Monday, October 19, 2015

Halloween ELA Activities for Middle School and High School

 Halloween is the perfect time to bring some seasonal materials into your lesson plan. Here are some great ideas I found that you might be interested in:

Bright Hub Education has a list of activities that you can use with Poe's "The Tell Tale Heart." They are suitable for many grade levels. Here is the link: Language Arts Halloween Activities with "The Tell Tale Heart."

Mrs. Waters' English has a list of scary stories along with activities for middle school, but most are appropriate for high school and college, as well. Here is the link: 21 Scary Halloween Short Stories for Middle School.

The New York Times Learning Network has an extensive list of Halloween-themed ELA activities including opinion writing prompts and poetry. Here is the link: The Learning Network: Halloween

I have four reading packets in my store suitable for grades 5 - 8 with Fall and Halloween themes. Each contain close reading passages, with reading comprehension questions, vocabulary work and fun writing prompts. The reading level is grades six and seven. They are in the Lexile stretch band for fifth grade, and the basic level for eighth grade.

Happy Halloween!

Tuesday, September 8, 2015

Summary and Response Writing
Before we begin a research paper in my composition classes, we start with a summary/response essay. I find that if students master the skills of the summary/response essay, they will be well prepared to take on the larger project because it breaks down the process of a research paper into manageable steps.

First, it requires a close reading of a qualified academic source. These types of sources are usually not easy reading, so it will push the students to pay close attention, annotate, make notes, and perhaps cross-check facts, and seek alternative opinions for background. I require an annotation of the chosen article for the first assignment for this essay.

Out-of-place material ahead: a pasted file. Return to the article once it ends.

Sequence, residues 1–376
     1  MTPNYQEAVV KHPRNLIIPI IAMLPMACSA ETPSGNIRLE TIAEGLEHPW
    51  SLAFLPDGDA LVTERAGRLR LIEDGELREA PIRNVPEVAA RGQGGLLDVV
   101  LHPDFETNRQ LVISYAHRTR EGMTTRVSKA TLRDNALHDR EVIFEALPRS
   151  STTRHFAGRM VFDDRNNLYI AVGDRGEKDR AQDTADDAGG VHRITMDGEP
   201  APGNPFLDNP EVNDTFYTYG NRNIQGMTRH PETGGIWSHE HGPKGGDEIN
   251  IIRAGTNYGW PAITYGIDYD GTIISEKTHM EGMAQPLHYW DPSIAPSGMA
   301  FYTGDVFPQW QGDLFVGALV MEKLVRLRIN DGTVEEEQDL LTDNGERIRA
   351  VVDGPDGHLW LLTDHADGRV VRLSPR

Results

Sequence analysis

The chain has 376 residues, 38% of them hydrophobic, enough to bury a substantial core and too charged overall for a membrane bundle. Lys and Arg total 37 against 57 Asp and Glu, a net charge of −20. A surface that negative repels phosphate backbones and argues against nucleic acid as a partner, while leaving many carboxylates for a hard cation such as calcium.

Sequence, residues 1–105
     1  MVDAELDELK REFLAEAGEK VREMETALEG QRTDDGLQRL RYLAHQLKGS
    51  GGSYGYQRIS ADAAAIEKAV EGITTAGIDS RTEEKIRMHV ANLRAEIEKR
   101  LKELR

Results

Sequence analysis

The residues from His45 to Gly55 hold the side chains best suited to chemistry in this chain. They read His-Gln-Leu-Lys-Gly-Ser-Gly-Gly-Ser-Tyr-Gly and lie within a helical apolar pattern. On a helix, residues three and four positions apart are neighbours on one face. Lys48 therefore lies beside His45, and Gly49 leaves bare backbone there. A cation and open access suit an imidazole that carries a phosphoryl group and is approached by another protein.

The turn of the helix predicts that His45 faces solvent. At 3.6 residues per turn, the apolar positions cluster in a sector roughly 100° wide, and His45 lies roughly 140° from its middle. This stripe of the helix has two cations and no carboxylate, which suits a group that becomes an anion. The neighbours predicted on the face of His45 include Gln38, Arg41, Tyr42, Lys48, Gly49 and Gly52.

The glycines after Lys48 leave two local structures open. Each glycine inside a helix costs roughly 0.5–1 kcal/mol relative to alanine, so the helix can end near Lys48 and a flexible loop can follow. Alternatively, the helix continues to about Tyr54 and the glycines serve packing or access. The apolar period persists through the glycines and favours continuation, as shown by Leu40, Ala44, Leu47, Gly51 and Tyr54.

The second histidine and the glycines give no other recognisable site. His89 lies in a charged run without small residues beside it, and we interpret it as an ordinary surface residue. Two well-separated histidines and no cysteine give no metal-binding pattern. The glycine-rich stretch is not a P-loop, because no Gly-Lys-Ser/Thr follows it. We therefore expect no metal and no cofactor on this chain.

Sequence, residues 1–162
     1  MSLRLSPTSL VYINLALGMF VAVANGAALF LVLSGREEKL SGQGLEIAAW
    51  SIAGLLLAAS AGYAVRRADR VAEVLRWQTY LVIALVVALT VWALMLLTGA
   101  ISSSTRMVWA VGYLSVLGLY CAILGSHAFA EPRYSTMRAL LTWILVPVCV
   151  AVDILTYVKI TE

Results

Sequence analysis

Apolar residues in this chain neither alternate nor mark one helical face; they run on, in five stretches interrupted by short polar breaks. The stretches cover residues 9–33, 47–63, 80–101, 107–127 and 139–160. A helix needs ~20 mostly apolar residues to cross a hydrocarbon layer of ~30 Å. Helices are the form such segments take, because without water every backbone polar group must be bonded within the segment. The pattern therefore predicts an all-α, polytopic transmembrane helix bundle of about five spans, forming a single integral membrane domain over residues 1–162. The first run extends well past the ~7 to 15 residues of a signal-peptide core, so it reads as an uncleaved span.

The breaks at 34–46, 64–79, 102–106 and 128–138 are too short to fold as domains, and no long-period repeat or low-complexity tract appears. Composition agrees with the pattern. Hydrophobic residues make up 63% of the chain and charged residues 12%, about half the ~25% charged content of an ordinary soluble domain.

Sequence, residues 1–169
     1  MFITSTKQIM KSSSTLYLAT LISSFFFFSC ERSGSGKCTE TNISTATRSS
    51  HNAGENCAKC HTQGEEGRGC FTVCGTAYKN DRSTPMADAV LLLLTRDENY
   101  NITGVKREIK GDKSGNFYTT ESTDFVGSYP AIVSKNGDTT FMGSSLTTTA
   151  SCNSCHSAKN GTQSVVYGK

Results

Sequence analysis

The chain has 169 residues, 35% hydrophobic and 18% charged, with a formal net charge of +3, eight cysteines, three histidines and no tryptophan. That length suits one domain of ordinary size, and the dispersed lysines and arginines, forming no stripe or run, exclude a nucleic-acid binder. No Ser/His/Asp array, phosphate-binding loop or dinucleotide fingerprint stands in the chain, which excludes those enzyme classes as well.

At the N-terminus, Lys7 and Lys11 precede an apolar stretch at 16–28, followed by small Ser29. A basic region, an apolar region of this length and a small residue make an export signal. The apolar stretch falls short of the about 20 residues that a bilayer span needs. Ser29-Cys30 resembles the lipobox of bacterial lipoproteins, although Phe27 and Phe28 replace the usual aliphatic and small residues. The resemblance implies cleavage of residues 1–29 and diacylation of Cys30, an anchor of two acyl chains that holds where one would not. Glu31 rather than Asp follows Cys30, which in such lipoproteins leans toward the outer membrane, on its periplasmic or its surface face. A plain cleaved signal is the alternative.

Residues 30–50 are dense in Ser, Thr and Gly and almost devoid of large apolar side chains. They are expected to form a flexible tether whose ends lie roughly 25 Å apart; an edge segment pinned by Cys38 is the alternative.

Next comes a summary, which will become the first paragraph of the essay. A good summary follows these guidelines:

1. Gives Context: Name the author and title of the article in the first sentence. In the article xxx, by xxx, the author states......
2. Contains the main ideas only: The thesis and the main points of the article are all that is necessary in a summary. Leave out examples, illustrations, and details.
3. All ideas are attributed to the author: The reader should always be reminded that these are the ideas and thoughts of the author, not the essay writer. Jones believes......  or  According to Jones.....
4. Objective: The essay writer should offer no opinions or analysis in the summary. Statements such as Jones makes a good point when she says... are not objective, because "good point" is subjective.
5. Paraphrase: Use your own words. Direct quotes should be rarely used.

After the summary, the rest of the essay is structured like a traditional essay, with a thesis statement, body paragraphs and a conclusion. The difference is that the whole essay should stay tightly focused as a response to the article. A thesis statement might be structured something like this: Although Jones makes a strong argument about x, she does not consider x.  Or:  I agree with Jones about x, because this is a problem that is often overlooked in the mainstream media.